Is there anything more comforting than a rich, creamy soup on a cold winter day? Pot O’Gold Potato Cheese Soup is hearty, soul-satisfying and, of course, delicious.
I love that silver-plated soup tureen in the photo above. It’s engraved “Emma” and has an ornate Victorian design. I don’t use it for food – the inside is now a bit “rough” after years of neglect, so whether or not it is “food-safe” is debatable. But, it’s so pretty that I display it in a cabinet in my home all the time and take it out and use it as a vase for flowers on occasion. Or, as a prop for a photo shoot.
Emma was my maternal great-grandmother and while I never knew her, I knew of her through my mother and grandmother. Unfortunately, I don’t know much about her heritage, but her maiden name was Brown, so I could guess. My grandmother was adopted by Emma and Robert in 1904, and I don’t know my grandmother’s ancestry at all, because of her adoption. My grandmother, Dorothy, was blonde and blue-eyed, so I’m guessing that her ancestry was “European”.
Anyway, I’m explaining all this because I’m a quarter Irish and who knows what else! Many of my nieces and nephews, and even my great-nieces and great-nephew, are more Irish than me, because their parents (my siblings) married spouses of Irish descent, too! Like this little cutie pie…
My great-niece, Princess Sweet Cheeks, more Irish than me! And this one…
Her mother, Nicole, my niece…more Irish than me!
More than 10% of America’s population (33,000,000) are of Irish ancestry. My maternal grandfather was 100% Irish, so my mom is half Irish and half sumthin’ sumthin’. My grandfather’s parents immigrated to America during the late 1800’s. Between 1820 and 1860, almost 2,000,000 Irish people emigrated to the United States. And, during Ireland’s Great Potato Famine in the mid-1800’s, more than 1,000,000 people emigrated to other countries, including the United States, to escape the widespread hunger and devastation that lasted 7 years.
Today, there are less than 5,000,000 people in Ireland. So, when you wonder why St. Patrick’s Day has turned into an American tradition that most Americans enjoy, whether of Irish background or not, you’ll understand it is because so many of us are of Irish descent!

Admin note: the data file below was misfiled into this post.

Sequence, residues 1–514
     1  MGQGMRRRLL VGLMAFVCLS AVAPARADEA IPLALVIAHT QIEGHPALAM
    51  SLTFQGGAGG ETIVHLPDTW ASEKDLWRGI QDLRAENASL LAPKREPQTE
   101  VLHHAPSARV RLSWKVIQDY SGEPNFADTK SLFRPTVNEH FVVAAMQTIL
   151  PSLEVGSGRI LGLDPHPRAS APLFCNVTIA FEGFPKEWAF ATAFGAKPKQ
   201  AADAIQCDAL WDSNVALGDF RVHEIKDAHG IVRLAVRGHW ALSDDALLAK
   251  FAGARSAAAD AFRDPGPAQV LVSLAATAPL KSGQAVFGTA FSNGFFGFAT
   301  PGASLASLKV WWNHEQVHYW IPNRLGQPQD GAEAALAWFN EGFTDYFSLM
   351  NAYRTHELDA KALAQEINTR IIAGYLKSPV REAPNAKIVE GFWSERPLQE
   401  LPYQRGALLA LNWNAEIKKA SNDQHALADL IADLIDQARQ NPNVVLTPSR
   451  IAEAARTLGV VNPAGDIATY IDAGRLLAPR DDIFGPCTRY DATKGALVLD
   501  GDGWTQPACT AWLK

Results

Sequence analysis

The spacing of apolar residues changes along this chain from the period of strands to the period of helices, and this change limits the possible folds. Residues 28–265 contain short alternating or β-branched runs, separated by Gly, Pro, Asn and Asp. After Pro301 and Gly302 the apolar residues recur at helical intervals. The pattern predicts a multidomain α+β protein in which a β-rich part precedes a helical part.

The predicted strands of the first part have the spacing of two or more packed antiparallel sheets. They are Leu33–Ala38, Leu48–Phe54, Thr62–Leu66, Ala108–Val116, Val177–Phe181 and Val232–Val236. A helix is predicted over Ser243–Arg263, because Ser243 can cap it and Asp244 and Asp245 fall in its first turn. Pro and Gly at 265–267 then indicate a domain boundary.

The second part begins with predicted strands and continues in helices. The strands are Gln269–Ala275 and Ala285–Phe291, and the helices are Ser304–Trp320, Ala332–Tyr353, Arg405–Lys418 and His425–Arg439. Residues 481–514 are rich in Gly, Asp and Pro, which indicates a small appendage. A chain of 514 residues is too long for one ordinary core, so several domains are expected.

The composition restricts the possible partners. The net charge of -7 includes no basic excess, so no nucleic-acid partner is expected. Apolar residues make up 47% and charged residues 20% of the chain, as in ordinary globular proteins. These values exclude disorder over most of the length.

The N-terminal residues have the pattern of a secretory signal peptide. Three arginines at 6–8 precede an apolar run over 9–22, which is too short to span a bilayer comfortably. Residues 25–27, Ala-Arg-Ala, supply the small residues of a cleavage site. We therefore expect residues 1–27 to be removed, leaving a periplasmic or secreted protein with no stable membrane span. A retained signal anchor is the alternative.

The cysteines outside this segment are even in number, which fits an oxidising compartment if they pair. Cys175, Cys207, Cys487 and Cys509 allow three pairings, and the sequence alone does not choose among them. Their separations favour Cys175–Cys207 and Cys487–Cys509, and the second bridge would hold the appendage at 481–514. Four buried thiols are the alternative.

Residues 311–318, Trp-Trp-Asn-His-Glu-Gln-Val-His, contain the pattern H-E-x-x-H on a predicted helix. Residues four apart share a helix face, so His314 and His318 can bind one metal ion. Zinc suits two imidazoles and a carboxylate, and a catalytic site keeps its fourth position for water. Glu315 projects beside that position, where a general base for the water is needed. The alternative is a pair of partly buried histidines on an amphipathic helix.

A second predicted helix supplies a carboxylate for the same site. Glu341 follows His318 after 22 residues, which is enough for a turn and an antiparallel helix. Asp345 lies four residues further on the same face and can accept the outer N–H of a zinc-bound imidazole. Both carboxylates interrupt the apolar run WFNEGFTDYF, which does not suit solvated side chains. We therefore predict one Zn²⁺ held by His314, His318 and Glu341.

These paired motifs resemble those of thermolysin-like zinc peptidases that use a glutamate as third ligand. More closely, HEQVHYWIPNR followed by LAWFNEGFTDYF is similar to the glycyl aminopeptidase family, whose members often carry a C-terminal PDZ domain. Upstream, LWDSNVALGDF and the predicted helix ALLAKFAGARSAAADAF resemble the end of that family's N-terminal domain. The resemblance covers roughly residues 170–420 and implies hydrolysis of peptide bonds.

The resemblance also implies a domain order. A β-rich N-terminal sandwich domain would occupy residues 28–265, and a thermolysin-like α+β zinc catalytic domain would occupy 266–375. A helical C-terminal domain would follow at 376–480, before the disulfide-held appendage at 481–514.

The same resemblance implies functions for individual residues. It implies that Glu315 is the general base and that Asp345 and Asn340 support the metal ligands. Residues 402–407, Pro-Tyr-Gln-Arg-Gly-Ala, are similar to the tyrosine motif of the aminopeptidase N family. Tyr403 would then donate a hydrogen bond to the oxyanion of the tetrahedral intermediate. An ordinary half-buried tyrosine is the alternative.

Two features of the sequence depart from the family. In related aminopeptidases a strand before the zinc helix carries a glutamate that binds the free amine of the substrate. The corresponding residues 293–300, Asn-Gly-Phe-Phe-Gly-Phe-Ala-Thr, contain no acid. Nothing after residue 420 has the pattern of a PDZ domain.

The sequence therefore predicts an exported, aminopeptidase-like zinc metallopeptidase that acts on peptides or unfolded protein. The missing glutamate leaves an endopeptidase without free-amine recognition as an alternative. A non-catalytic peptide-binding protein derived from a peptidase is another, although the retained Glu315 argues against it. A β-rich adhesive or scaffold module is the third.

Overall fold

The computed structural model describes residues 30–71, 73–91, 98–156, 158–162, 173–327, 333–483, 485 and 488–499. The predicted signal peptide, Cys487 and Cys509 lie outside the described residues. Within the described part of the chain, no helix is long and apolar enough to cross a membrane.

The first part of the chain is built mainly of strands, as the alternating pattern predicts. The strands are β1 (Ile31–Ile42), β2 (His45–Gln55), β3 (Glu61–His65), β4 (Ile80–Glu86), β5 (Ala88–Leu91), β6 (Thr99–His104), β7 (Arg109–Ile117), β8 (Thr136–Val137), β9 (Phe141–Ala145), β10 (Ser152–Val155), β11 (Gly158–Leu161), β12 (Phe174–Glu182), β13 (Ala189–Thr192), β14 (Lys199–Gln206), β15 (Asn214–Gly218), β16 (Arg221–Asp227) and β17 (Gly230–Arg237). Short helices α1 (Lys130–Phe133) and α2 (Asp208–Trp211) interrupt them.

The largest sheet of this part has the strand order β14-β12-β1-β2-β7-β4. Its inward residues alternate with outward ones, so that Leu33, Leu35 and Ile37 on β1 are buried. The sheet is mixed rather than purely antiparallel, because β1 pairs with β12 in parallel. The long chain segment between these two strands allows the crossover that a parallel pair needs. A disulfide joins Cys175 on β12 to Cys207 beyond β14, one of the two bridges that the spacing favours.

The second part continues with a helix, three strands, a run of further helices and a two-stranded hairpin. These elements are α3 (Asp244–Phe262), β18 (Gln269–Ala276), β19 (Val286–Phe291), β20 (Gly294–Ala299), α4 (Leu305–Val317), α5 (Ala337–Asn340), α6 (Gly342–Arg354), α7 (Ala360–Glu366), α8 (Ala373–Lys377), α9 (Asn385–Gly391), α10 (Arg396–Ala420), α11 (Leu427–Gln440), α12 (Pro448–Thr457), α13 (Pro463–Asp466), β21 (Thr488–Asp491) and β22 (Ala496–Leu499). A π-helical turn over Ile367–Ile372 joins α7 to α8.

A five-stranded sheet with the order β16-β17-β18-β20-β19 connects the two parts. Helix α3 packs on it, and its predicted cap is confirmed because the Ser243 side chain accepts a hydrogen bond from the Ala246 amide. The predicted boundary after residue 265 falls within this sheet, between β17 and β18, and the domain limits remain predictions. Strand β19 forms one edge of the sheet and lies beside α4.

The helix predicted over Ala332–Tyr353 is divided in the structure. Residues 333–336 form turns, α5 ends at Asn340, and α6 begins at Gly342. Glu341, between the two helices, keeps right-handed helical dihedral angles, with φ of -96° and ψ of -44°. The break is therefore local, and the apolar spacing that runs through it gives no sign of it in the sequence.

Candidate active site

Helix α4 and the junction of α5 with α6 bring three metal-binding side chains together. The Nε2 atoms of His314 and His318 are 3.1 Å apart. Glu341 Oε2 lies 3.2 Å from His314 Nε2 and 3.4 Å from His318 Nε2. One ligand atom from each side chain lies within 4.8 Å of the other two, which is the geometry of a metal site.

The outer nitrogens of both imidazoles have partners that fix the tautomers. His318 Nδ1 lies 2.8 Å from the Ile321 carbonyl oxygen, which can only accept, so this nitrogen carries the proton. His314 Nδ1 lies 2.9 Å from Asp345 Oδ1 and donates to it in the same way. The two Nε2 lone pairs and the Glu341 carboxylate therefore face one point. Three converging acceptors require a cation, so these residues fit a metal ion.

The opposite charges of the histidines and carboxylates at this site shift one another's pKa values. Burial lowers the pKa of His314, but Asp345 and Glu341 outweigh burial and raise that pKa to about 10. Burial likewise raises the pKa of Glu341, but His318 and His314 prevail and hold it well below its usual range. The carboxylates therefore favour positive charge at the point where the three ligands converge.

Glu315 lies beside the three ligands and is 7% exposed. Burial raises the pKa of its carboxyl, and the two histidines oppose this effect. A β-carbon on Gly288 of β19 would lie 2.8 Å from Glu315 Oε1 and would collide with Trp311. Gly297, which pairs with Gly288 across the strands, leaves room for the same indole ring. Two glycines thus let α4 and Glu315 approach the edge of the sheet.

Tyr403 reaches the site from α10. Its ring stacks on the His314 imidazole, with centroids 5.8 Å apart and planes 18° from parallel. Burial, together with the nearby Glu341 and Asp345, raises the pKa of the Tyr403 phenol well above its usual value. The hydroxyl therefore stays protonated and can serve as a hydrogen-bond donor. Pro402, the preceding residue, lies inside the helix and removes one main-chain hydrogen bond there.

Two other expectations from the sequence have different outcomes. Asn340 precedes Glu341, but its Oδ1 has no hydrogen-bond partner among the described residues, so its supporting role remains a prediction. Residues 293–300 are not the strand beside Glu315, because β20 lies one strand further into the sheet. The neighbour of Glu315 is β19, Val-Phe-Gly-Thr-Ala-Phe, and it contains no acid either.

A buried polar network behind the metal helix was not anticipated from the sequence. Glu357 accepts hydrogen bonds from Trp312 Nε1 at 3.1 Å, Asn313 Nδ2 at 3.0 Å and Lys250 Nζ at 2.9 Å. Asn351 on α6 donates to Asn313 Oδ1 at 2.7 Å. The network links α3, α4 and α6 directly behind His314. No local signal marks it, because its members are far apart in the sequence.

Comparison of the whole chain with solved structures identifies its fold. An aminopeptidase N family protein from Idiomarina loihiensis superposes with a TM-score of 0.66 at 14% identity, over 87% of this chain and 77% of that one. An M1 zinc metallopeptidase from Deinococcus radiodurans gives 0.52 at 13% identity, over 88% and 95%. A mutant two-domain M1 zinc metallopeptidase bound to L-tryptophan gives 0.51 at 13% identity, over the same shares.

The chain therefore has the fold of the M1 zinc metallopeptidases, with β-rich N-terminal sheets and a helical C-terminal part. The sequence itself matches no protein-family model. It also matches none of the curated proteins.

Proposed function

Anyway, I digress..
Pot O’Gold Potato Cheese Soup is so named because of the golden glow emanating from the depths of it’s cheesy, creamy goodness! Made with real potatoes (as opposed to boxed flakes of potatoes), I savor every bite of this delicious soup because it is so filling, it’s hard to eat more than one serving!
While it is a creamy soup, I like to leave some chunks of potato swimming in Pot O’Gold Potato Cheese Soup. And, I serve extra cheese on the side (who doesn’t like more cheese?!) as well as sour cream and chopped green onions.
Here’s the recipe:
- 1 tablespoon canola oil
- ½ yellow onion, peeled and finely chopped
- 2 cloves of garlic, peeled and finely minced
- 4 cups chicken broth
- 6 russet potatoes (about 2½ pounds), peeled and chopped into ½-inch cubes
- 1½ cups whole milk
- ½ cup heavy cream
- 1½ cups medium cheddar cheese, divided
- 1 teaspoon salt
- ½ teaspoon ground black pepper
- 2 green onions, chopped (for garnish)
- ½ cup sour cream (for garnish)
- In a large stockpot, heat oil over medium heat.
- Add onions, saute' until translucent, stirring occasionally (about 5 minutes).
- Add garlic and saute' a few minutes more.
- Add chicken broth and potatoes and bring to a boil.
- Boil about 15 minutes, until potatoes are fork-tender (check at the 10 minute marker).
- Reduce heat to low, add milk and cream and stir to combine.
- Using an immersion blender, blend potatoes mixture until creamy, but leave nice chunks of potato for texture.
- Add 1 cup of cheese and stir until cheese melts.
- Add salt and pepper, stir; taste and correct seasonings.
- Serve immediately with extra cheese, green onions and sour cream for garnish.
Here are a few more soup recipes you might like, some of them even “Pots O’Gold”:
Make Pot O’Gold Potato Cheese Soup on St. Patrick’s Day, either for lunch or dinner. Your family will thank you, plus you can tell your children about the Irish Potato Famine and sneak in a little history lesson!